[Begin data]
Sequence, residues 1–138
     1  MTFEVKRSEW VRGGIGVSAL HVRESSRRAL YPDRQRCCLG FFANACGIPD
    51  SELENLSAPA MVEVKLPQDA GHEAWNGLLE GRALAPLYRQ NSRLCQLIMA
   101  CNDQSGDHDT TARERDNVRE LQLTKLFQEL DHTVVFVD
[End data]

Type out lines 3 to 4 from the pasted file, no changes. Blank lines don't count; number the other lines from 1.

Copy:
    51  SELENLSAPA MVEVKLPQDA GHEAWNGLLE GRALAPLYRQ NSRLCQLIMA
   101  CNDQSGDHDT TARERDNVRE LQLTKLFQEL DHTVVFVD